After qualifying for the USA Mathematical Olympiad, winning engineering competitions, and organizing one of the largest math tournaments in Florida, Eli decided to drop out of high school at age 16 to pursue a degree in Mathematics at MIT. While at MIT, Eli honed his broader desire to use data and logic… to understand the world around us. He applied these skills as a quantitative derivatives trader, but soon realized he wanted to make a more meaningful impact on a broader scale. At Brilliant, Eli uses his math and computer science background to develop problem-solving based courses that enable anyone to learn modern, quantitative skills - no expensive summer program required.
“My hope is to democratize access to cutting-edge quantitative literacy. Without that, most people will be shut out of the critical decisions shaping our collective future.”
Calvin Lin
M.S. in Mathematics, University of Chicago
International Math Olympiad ‘01, ‘02
Calvin began noticing flaws with the education system in high school, when he found himself memorizing concepts instead of truly understanding them. In college, he learned how these concepts come together and form a larger framework, and he hasn't looked back since….
Calvin has also excelled in several elite math competitions, including the International Mathematical Olympiad (IMO) and Putnam Competition. He also helped train students for the IMO and Putnam, an experience that sparked his interest in making Olympiad math more accessible to everyone. Since then, he has been a Counselor in the Young Scholars Program at University of Chicago, lectured in various math circles, and even taught the trader trainee class at Optiver, where he worked as an options trader. At Brilliant, his biggest goal is to improve how math and science are taught around the world.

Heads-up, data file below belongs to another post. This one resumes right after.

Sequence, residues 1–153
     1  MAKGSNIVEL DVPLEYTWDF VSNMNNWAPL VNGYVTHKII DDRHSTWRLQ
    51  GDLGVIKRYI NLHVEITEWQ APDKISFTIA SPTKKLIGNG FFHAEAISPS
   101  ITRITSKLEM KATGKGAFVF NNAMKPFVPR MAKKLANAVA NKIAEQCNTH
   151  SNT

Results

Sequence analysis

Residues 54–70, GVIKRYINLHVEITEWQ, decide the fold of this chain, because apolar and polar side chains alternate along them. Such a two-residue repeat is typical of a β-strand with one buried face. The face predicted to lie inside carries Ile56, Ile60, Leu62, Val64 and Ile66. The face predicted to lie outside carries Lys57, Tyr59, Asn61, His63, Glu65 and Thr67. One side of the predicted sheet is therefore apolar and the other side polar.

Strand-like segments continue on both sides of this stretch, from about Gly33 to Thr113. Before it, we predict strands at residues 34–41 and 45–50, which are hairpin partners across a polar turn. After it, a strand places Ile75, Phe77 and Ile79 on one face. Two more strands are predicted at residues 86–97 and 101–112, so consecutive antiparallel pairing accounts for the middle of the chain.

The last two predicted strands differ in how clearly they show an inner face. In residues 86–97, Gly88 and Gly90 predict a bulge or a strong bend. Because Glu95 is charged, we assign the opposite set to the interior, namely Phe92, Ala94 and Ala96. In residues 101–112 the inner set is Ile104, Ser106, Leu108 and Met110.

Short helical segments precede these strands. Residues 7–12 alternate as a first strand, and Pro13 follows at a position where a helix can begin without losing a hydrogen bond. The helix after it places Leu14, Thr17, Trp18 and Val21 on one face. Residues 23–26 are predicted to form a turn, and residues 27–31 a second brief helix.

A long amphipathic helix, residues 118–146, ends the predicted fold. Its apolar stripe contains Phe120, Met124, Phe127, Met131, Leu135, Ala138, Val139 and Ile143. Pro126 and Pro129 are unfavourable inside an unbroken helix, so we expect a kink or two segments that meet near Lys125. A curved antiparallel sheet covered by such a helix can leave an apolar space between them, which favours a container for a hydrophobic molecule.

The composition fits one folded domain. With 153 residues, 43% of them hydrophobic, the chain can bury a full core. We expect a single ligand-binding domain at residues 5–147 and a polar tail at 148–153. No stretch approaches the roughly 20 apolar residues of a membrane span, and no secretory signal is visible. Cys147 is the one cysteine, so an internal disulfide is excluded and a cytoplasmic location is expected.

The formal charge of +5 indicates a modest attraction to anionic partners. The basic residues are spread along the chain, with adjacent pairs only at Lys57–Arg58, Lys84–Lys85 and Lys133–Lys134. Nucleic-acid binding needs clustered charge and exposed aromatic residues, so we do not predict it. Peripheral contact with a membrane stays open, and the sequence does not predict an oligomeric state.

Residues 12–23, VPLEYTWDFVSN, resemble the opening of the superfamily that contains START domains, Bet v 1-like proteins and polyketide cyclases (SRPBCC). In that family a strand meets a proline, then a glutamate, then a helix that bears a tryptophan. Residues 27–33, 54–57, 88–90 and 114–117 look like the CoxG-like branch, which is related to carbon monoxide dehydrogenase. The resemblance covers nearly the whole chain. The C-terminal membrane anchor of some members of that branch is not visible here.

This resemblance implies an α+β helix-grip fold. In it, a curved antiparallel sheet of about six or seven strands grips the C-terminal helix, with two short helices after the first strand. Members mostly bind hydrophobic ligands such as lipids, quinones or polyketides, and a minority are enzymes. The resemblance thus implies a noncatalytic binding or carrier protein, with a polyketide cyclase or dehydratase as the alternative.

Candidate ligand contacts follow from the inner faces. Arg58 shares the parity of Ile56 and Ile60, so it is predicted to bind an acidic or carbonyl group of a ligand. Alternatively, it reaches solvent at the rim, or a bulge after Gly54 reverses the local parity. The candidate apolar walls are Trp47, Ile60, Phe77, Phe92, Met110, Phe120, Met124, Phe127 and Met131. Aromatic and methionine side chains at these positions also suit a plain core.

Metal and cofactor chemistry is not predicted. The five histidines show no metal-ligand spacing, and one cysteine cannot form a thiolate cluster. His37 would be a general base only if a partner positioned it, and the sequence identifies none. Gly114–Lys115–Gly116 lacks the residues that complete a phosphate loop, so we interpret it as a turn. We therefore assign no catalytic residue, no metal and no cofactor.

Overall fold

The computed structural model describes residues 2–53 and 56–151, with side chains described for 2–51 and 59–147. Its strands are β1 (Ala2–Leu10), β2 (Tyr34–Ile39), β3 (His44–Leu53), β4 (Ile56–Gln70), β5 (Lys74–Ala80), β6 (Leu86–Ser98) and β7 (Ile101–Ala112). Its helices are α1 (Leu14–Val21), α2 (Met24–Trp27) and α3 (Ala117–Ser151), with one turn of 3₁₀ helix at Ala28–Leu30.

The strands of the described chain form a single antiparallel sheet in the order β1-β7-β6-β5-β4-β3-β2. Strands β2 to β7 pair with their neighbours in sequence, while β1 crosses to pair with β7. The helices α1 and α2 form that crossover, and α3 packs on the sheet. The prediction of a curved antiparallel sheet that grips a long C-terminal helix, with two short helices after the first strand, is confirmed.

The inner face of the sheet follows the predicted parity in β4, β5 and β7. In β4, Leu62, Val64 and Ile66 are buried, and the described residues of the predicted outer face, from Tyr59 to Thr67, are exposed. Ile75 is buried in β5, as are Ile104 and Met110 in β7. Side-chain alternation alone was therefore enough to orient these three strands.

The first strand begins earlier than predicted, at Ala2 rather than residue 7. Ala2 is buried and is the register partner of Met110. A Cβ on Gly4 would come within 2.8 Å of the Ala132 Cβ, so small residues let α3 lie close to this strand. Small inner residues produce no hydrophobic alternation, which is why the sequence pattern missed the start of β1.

“We do not need to train robots. What we need are independent, critical thinkers who can solve novel problems that no one knows exist yet.”
Course contributors
Over 70 instructors and researchers from around the world have contributed to the courses on Brilliant.
Starbuck Beagley
B.S. in Computer Science, Rochester Institute of Technology
Surya Bhupatiraju
B.S. in Electrical Engineering and Computer Science, MIT B.S. in Mathematics, MIT
Gerardo Bledt
M.S. in Mechanical Engineering, MIT M.S. in Electrical Engineering and Computer Science, MIT
Thom Bohdanowicz
Ph.D. Candidate, Caltech B.ASc. Computer Engineering, University of Waterloo B.S. in Mathematical Physics, University of Waterloo
Christopher Boo
B.Comp. in Computer Science, National University of Singapore
Jordan Calmes
Pharm.D, University of Wyoming M.S. in Science Writing, MIT B.S. in Chemistry, University of Wyoming
Agnishom Chattopadhyay
B.Sc. in Mathematics and Computer Science, Chennai Mathematical Institute
Peter Chiappini
M.S in Applied Mathematics, Stony Brook University M.A in Mathematics, Stony Brook University
Lawrence Chiou
Ph.D. in Biophysics, Stanford University
Alex Chumbley
M.Eng in Computer Science, MIT
Samantha Cody
B.A. in Physics, Princeton University
Brandon Conley
Head Teaching Fellow, Harvard University B.S. in Chemistry, University of Kentucky B.A. in Classical Languages & Literature, University of Kentucky
Patrick Corn
Ph.D. in Mathematics, UC Berkeley
Varsha Dani
Ph.D. in Computer Science, University of Chicago
Matt DeCross
B.S. in Mathematics, MIT Ph.D. in Physics, University of Pennsylvania
Marra DeGraff
M.S. in Earth Systems, Stanford University
Damon Demas
Ph.D. in Mathematics, University of New Hampshire
Bryn Dickinson
B.A. in Natural Sciences, University of Cambridge
Andrew Dickson
B.S. in Electrical Engineering and Computer Science, UC Berkeley
Dustin Driver
B.A. in Journalism, San Francisco State University
Nathan Dummit
B.A. in Art Education, University of Illinois, Urbana-Champaign M.A. in Linguistics, CUNY Graduate Center
Mark Dylewski
B.S. in Mathematics and Computer Science, Lock Haven University M.A.T. in Mathematics, Binghamton University